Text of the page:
As Chief Investment Officer at P1 I’m increasingly asked the same question, and I’m sure many of you will have been asked a similar question by your clients; why, when savings accounts are paying ~4% should I risk it and invest?
I’m going to dive in and answer this question and hopefully in a way you can discuss it with your clients too.
The “Risk Free” Rate of Return
Global monetary policy has shifted dramatically since the start of 2022. Interest rates have risen very rapidly from historically lows to level not seen for 15 years. Although Central Banks primary objective from higher rates is to fight inflation, there have been significant consequences for capital markets and asset prices.
All assets trade at prices relative to the anticipated return offered by other assets. The underlying return (and reference point) for investors is the prevailing interest rate on cash, as well as yields on government bonds, depending on the investment horizon. As bank deposits and government bonds are deemed be most unlikely to lose capital, this is considered the “risk free” rate of return. Although government bond yields do not depend only on interest rates, they are strongly linked.
This means that the change to Central Banks’ interest rates through to the “risk free” rate, including government bond yields, has had a significant effect on other assets in investment portfolios. In the secondary markets, prices reflect movements in interest rates and expectations. For example, the rises in interest rates have been mirrored by a rise in UK government bond yields. This has caused a typical 10-year bond yield to increase from 0% to over 4%.
As a rule of thumb, every 1% change in yield, moves the bond price by 1% for each year of duration. For the 10-year bond, the price fall was some 30-40%.
While this effect is easiest to see on a government bond, the repricing will impact all assets over time. Generally, the more liquid and more easily valued an asset is, the faster a repricing may occur.
The impact of duration, risk premium and inflation also influences the price. Consequently, assets with some inflation protection, such as equities or infrastructure, have fared better through this period of change. When rates were low, holdings in non-yielding or growth assets meant that little or no interest was forgone. But now, with higher cash rates, the interest given up becomes tangible, making investments in these less attractive. As the interest rate has increased, the expected return across all asset classes needs to be rebased. All asset valuations, including property, equities, and infrastructure, are now expected to deliver a higher rate of return than they did two years ago. If assets’ yields have not increased in step, an increase in expected return can only be achieved by falls in capital values.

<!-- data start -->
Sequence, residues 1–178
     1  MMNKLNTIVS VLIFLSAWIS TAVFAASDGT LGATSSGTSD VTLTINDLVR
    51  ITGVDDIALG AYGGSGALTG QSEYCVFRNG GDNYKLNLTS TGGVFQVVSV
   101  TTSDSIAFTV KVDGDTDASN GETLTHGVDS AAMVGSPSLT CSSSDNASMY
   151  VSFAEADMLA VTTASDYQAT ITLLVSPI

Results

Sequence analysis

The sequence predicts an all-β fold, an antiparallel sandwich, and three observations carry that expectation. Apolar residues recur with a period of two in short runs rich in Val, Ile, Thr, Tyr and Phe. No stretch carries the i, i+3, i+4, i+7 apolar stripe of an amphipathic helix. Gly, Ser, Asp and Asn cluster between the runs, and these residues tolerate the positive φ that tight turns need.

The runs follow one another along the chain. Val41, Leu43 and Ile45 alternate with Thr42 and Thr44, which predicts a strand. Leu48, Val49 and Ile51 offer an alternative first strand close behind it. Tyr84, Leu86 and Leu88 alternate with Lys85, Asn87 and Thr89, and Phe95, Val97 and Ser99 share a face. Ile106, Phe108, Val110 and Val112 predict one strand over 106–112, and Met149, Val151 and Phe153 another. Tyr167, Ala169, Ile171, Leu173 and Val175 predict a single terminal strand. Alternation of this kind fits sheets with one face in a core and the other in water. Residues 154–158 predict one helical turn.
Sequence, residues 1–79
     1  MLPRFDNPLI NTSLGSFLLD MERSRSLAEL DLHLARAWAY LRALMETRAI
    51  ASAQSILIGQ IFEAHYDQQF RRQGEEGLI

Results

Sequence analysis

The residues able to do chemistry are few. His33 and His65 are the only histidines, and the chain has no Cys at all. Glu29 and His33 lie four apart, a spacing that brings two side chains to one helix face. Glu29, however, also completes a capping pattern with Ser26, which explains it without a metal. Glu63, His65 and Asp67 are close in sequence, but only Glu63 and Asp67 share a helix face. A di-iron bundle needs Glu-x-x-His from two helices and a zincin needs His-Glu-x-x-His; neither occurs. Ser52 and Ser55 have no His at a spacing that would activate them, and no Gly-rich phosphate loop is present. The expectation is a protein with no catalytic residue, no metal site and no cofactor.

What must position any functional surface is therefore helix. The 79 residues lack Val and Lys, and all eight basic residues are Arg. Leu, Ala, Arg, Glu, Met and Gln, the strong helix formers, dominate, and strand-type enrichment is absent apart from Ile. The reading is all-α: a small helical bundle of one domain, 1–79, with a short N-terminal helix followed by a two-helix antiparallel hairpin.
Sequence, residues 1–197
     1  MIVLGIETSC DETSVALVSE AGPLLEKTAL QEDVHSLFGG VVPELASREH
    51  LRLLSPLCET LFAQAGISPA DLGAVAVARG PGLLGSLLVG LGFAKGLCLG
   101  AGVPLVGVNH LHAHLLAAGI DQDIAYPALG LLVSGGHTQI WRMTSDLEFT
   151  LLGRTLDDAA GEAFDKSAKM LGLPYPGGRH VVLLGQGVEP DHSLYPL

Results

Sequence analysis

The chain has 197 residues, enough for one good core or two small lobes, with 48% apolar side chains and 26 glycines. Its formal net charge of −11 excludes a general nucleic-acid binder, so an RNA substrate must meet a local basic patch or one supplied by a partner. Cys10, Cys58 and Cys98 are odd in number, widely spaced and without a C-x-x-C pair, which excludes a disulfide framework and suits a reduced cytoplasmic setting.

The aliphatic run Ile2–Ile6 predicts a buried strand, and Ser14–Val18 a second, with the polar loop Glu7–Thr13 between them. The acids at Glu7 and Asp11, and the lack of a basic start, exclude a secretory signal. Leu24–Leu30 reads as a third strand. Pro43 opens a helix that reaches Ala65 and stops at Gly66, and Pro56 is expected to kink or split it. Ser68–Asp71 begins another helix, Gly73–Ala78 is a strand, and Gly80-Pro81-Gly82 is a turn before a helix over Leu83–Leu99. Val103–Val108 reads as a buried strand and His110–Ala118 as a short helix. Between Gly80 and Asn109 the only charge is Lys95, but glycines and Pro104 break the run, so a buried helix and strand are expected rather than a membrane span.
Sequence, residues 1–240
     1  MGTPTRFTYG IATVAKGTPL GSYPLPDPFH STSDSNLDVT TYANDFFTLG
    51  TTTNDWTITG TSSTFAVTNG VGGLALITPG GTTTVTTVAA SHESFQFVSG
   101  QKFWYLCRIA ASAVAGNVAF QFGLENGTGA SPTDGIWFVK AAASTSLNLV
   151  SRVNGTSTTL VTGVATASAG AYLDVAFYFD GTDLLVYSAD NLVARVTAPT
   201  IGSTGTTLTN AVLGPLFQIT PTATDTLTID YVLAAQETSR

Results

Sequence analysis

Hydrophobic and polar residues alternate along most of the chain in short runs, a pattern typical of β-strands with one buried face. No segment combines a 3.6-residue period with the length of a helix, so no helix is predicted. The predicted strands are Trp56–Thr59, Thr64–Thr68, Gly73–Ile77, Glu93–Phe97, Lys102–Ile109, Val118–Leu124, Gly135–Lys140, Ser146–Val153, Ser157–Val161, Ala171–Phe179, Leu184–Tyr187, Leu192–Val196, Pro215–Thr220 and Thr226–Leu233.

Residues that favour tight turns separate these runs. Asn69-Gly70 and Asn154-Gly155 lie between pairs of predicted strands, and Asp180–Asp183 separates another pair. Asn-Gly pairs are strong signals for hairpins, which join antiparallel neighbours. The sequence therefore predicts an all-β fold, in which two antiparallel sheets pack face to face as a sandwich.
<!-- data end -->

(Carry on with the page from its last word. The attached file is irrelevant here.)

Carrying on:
Unfortunately, this has generally lead to some capital losses in the short term but does mean that the prospect for higher returns going forward is now significantly improved.
This is an important consideration for comparing investment portfolios’ historic performances as we have moved to current higher cash returns. Contrasting the recent historical returns against current cash rates is not like for like. The historical investment backdrop over the last 5-10 years was fundamentally different with interest rates close to 0% and very low inflation. For example, one would not compare historical cash returns over the last few years with current interest rates and feel this meaningful. Lower returns over the historical period were not unrealistic. Conversely, now that expectations are for higher interest rates, in a higher inflation environment, looking forwards, we would expect higher nominal returns from portfolios.
This does not mean that there will not be periods of weakness. Sentiment changes and market shocks can still occur. The market shift that has been experienced over the last two years will influence returns over the long term, meaning 5 years, if not the next decade and beyond.
Take Away Points for Your Clients:
- Contrasting historical returns against current cash rates is not like for like
- Change in interest rates means all assets are being revalued
- Expected returns from investment portfolios are significantly higher, reflecting higher interest rates.
- The winners in the low interest rate, low inflation environment may not be the same in the current higher interest rate, higher inflation environment
- An assessment of inflation and real expected returns should be considered alongside the nominal rate
- As always, long term horizons are required when evaluating asset class returns.